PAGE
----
Caribbean Tourism

Flora & Fauna

There are around 200 species of birds on the islands. Birds that inhabit the islands include the Antillean grackle, the smooth-billed ani, the green-backed heron, the yellow-crowned night heron and many other heron species, the snowy egret, the common ground dove, the bananaquit and the Cayman parrot. The endangered West Indian whistling duck can be seen on Grand Cayman and Little Cayman.


If you are interested in birdwatching, go to the mosquito control dykes on the West Bay peninsula of Grand Cayman, or walk to the Cistern at East End. A former Governor was a keen birdwatcher and in 1993 he set up a fund to establish the Governor Michael Gore Bird Sanctuary on 3½ acres of wetland on Grand Cayman, where you can see 60 local species. There are nesting colonies of the red-footed booby and the magnificent frigate bird on Little Cayman. There is a parrot reserve on Cayman Brac on 197 acres of land donated to the National Trust by Donald Pennie.

The Brac Parrot Reserve is the nesting ground for the endangered endemic Cayman Brac parrot, numbering about 400 birds. The reserve covers pristine ancient woodlands on a very rough and rocky terrain with a diversity of native trees, including species not present on Grand Cayman or Little Cayman. A 1-mile nature trail has been established through part of the reserve. The trail forms a loop which passes through several different types of terrain, from old farm land now under grass, past mango trees on red soil and through thickets and mature woodlands, a startling mixture of hardwoods and cacti. Signs and information boards are placed at strategic points along the trail and a brochure is available. Birds of the Cayman Islands, published by Bradley, is a photographic record; it costs £22.

Cardinal D’s Park on the outskirts of George Town, and the beginning of Seven Mile Beach, has four acres of natural lakes and woodlands. The bird sanctuary includes parrots, macaws, whistling duck and turtles. T9498855. Adults US$5, children US$2.50.

Oncidium calochilum, a rare orchid, indigenous to Grand Cayman with a small yellow flower about ½in long, is found only in the rocky area off Frank Sound Drive. Several other orchid species have been recorded as endemic but are threatened by construction and orchid fanciers. There is protection under international and local laws for several indigenous species, including sea turtles, iguanas, Cayman parrots, orchids and marine life. For a full description of the islands’ flora see George R Proctor, Flora of the Cayman Islands, Kew Bulletin Additional Series XI, HMSO (1984), 834 pp, which list 21 endemic plant taxa including some which are rare, endangered or possibly extinct.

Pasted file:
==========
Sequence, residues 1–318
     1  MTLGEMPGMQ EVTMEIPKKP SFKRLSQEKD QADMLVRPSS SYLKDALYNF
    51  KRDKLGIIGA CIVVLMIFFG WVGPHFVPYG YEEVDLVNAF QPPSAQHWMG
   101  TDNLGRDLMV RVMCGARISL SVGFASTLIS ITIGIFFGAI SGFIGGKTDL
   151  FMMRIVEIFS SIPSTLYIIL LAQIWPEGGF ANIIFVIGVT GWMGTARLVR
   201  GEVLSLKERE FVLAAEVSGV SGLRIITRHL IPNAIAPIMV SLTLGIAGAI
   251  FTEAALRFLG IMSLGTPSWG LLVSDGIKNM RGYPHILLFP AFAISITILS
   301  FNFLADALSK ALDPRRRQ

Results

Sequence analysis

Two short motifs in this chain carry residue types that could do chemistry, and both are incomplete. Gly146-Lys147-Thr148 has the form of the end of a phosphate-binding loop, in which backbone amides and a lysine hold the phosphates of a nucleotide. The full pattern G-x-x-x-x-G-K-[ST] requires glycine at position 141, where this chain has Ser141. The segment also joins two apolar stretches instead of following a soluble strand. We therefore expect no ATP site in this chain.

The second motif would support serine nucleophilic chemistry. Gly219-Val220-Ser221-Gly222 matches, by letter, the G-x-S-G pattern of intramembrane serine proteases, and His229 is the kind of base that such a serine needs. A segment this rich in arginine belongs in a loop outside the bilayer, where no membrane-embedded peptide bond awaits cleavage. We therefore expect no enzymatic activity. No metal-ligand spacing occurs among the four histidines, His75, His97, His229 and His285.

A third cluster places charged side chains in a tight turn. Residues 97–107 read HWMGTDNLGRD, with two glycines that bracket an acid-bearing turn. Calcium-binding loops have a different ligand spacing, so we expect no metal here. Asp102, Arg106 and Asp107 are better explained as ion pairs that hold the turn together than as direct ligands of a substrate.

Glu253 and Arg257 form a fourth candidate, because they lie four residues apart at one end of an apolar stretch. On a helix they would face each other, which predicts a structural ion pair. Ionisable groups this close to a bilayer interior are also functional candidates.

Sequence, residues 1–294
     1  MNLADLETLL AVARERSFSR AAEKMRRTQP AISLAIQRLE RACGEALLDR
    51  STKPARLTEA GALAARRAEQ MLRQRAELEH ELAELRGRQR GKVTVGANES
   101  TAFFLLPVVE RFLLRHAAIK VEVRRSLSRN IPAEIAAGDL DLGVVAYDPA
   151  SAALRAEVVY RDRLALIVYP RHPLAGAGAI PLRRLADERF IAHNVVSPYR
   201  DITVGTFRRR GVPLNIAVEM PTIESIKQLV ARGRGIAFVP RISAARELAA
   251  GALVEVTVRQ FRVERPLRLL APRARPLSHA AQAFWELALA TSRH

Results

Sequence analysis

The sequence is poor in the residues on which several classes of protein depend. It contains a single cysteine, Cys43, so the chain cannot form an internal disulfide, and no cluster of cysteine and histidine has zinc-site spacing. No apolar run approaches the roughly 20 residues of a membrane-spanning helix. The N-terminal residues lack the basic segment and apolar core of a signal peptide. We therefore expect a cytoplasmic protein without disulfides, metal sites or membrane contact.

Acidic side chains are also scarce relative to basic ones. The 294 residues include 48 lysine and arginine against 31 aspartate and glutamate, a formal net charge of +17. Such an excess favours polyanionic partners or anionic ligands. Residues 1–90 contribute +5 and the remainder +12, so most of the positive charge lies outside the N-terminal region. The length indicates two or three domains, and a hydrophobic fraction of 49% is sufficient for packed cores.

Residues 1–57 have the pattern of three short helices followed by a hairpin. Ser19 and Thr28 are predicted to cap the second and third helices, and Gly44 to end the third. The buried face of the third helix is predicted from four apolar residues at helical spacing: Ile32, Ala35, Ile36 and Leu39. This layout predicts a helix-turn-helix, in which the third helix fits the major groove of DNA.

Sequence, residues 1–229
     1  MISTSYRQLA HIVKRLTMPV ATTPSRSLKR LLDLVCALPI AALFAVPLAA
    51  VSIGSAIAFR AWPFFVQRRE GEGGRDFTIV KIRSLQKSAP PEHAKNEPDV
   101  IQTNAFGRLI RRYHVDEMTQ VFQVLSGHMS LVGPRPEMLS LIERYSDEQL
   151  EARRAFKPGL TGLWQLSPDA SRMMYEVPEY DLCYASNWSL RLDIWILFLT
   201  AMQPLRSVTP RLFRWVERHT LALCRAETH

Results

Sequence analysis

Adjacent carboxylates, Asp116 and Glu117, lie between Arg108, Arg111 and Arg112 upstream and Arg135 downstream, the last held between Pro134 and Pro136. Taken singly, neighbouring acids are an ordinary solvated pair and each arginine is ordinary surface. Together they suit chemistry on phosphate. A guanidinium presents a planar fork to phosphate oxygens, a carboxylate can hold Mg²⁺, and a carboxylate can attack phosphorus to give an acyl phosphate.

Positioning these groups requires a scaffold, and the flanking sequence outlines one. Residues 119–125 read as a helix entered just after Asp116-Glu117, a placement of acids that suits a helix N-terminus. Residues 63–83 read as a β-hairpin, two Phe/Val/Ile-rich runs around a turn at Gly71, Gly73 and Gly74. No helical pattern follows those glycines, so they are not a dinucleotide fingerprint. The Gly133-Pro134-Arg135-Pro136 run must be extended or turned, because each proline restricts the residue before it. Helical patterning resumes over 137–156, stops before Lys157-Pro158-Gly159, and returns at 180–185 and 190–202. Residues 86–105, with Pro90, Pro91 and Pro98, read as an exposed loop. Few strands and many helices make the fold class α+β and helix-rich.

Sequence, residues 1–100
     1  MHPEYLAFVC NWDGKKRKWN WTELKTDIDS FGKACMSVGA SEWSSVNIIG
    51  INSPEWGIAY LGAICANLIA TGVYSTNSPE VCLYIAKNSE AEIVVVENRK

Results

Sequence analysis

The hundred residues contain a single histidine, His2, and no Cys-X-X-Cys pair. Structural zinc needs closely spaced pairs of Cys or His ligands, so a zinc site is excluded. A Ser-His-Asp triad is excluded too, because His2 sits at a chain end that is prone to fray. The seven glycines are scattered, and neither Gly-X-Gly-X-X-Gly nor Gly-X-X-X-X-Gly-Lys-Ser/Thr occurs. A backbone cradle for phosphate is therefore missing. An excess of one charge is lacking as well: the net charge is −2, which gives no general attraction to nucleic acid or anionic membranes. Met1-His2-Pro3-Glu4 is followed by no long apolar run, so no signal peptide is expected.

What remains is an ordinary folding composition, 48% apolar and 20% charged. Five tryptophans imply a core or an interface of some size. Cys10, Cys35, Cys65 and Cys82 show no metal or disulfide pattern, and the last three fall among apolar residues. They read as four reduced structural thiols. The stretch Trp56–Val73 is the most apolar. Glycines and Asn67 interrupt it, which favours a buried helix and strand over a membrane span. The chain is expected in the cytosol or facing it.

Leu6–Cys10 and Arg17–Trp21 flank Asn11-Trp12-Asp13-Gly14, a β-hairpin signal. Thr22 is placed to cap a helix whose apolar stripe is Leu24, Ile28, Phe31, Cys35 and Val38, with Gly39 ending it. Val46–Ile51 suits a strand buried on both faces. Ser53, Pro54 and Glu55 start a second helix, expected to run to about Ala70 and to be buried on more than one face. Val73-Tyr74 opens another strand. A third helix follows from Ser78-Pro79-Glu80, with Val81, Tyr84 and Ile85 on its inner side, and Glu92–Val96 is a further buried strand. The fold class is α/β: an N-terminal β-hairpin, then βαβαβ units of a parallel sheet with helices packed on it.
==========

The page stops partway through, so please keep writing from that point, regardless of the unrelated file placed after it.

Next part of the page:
The Queen Elizabeth II Botanic Park (officially opened by the Queen in 1994), is off Frank Sound Rd, Grand Cayman. A mile-long woodland trail has been cleared and an entrance garden created. In 1997 a second phase brought a Floral Colour Garden and a Heritage Garden, with endemic plants within the park. The gardens are very beautiful now that they have become well-established and are recommended for a day away from the beach even for those who know nothing about botany. Over 200 plants have been labelled so far, several of which are rare. Orchids bloom in May-June and there are breeding areas for the Grand Cayman Blue Iguana, the Grand Cayman parrot, the Cayman rabbit and the Cayman anole lizard. More gardens and sections are planned. Special events are sometimes held, such as an orchid show, with the local orchid society in February, and a mango morning in August. There is a Visitor Centre, café and giftshop and a typical Caymanian cottage and garden has been built. T9473558 (information line), 9479462, F9477873, www.botanic-park.ky. Adults US$6.25, children 6-12 half price. Daily 0900-1830, last admission 1730.

Indigenous animals on the islands are few. The most common are the agouti, non-poisonous snakes, iguana and other small lizards, freshwater turtle, the hickatee and two species of tree frog. Several animal sanctuaries have been established, most of which are RAMSAR sites where no hunting or collecting of any species is allowed. On Grand Cayman there are sanctuaries at Booby Cay, Meagre Bay Pond and Colliers Bay Pond; on Cayman Brac at the ponds near the airport and on Little Cayman at Booby Rd and Rookery, Tarpon Lake and the Wearis Bay Wetland, stretching east along the south coast to the Easterly Wetlands. The National Trust, T9490121, Email: ntr...@candw.ky, has set up a Land Reserves Fund to buy environmentally sensitive land and protect natural resources. The first priority is the mountain area in North Side where the government donated 130 acres; another 200 acres need to be bought. The Department of Tourism (T9490623) has produced a map of Cayman Brac depicting the location and full descriptions of 35 nature tourism sites as part of the Cayman Brac Development Project, funded by a grant from the European Union. The sites are either hiking trails, woodland walks, boardwalks out to wetlands, panoramic views including the Bluff and pristine beach sites, historic sites, swimming holes and areas, as well as the Brac Museum. All sites have proper signs so you do not have to hire a guide.


More . . .

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